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I'm trying to permanently change my shell to zsh using chsh command, but it's not working.

zsh is installed (via apt) and works fine when I invoke it directly from a bash prompt terminal. But I can't get zsh to load in terminals by default, and chsh is doing something weird:

$ echo $SHELL
/bin/bash
$ which zsh
/usr/bin/zsh
$ chsh -s /usr/bin/zsh
Password: 
$ echo $SHELL
/bin/bash
$ grep kurtosis /etc/passwd
kurtosis:x:1000:1000:kurtosis,,,:/home/kurtosis:/usr/bin/zsh

It appears chsh has managed to correctly change /etc/passwd, but not the $SHELL env variable. As such, new terminals always start in bash and not zsh.

I'm not sure where to look to troubleshoot this. .bashrc, even though it's not invoked until the shell is specified? Any help appreciated.

39

You need to log out again for these changes to take effect. The shell defined in the /etc/passwd file is your login shell :-) So you need to log in actually for that.

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  • 2
    Thanks. I'm so used to being able to make changes to linux without rebooting, it just didn't occur to me. – Kurtosis Oct 3 '12 at 0:07
  • 1
    I had to actually do a reboot for it to take effect - I guess it was somehow re-connecting me to an existing shell session. – Chris Kimpton Feb 13 '16 at 18:36
  • While using an ssh connection, even if you do exit, the server may not close the connection and the shell all the way through. So, you may need to kill the processes (ssh and sh) that belong to your user. (I had this problem and it was easy to find the solution but still, I had to come to this post to see that I had to logout.) – John Hamilton Aug 2 '18 at 5:46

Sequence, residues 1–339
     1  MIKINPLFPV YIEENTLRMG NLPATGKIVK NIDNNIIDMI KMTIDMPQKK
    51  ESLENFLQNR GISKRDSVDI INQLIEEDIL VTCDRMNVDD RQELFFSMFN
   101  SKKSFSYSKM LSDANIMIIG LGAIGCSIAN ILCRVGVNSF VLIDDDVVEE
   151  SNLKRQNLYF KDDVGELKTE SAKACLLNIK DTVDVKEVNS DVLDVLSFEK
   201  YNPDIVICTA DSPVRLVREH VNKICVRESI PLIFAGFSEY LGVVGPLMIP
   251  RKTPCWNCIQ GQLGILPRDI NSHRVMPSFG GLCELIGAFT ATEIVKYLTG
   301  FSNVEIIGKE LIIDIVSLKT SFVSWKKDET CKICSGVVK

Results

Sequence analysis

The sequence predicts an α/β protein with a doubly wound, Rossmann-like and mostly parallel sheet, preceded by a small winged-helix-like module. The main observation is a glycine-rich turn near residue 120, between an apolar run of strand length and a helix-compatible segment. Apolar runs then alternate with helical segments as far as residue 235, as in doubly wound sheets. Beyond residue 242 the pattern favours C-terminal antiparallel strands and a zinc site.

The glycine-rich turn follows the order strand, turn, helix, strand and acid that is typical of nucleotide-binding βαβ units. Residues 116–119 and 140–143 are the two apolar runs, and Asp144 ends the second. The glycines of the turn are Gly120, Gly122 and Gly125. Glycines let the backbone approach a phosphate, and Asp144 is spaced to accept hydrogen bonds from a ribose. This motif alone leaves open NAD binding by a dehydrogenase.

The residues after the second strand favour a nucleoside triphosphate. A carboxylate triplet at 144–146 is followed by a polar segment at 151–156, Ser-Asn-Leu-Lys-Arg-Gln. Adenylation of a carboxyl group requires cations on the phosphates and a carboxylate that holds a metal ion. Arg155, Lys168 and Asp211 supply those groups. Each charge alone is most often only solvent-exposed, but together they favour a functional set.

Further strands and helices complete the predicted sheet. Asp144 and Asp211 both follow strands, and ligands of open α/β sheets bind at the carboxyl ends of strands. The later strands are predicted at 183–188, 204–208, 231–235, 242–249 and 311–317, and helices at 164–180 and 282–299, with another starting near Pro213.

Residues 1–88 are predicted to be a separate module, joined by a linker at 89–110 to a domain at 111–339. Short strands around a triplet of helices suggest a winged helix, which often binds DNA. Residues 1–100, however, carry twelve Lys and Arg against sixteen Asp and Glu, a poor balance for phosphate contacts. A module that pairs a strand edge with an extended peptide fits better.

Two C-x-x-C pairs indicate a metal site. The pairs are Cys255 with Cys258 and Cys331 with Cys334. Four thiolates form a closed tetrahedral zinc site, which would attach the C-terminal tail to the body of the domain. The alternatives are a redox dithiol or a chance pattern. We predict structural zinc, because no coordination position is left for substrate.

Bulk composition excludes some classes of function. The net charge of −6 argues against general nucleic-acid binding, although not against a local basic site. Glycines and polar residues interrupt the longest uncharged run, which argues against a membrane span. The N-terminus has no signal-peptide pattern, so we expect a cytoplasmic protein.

1

There is a couple different problems that can occur here.

Problem 1. The default login shell hasn't been changed in /etc/passwd this can be solved by running chsh -s /usr/bin/zsh which will update /etc/passwd

Problem 2. Bash is still used even after changing the default login shell using chsh -s /usr/bin/zsh and confirming that your shell is actually set to zsh in /etc/passwd. This is caused by recycled ssh sessions. Logging out and logging back in won't fix the issue immediately, the sessions either need to expire or timeout, or you need to kill your session and reconnect. You can reboot, but below is an easier method which helps you find which session to kill.

Check what shell I'm using (/bin/bash) and what shell I should be using (/usr/bin/zsh):

asc@g1:~$ echo $SHELL
/bin/bash

asc@g1:~$ cat /etc/passwd|grep asc
asc:x:1000:1000:asc,,,:/home/asc:/usr/bin/zsh

Find out my terminal session information:

asc@g1:~$ who
asc      pts/1        2020-01-28 13:08 (172.16.1.2)

asc@g1:~$ ps aux|grep ssh
root      1220  0.0  0.0  72300  6076 ?        Ss   Jan22   0:00 /usr/sbin/sshd -D
root     32879  0.0  0.0 107988  7224 ?        Ss   13:08   0:00 sshd: asc [priv]
asc      33031  0.0  0.0 107988  3612 ?        S    13:08   0:00 sshd: asc@pts/1
asc      47453  0.0  0.0  14428  1032 pts/1    S+   13:21   0:00 grep --color=auto ssh

Kill my terminal session:

asc@g1:~$ kill 33031

Then SSH back in to the machine and you'll be using ZSH

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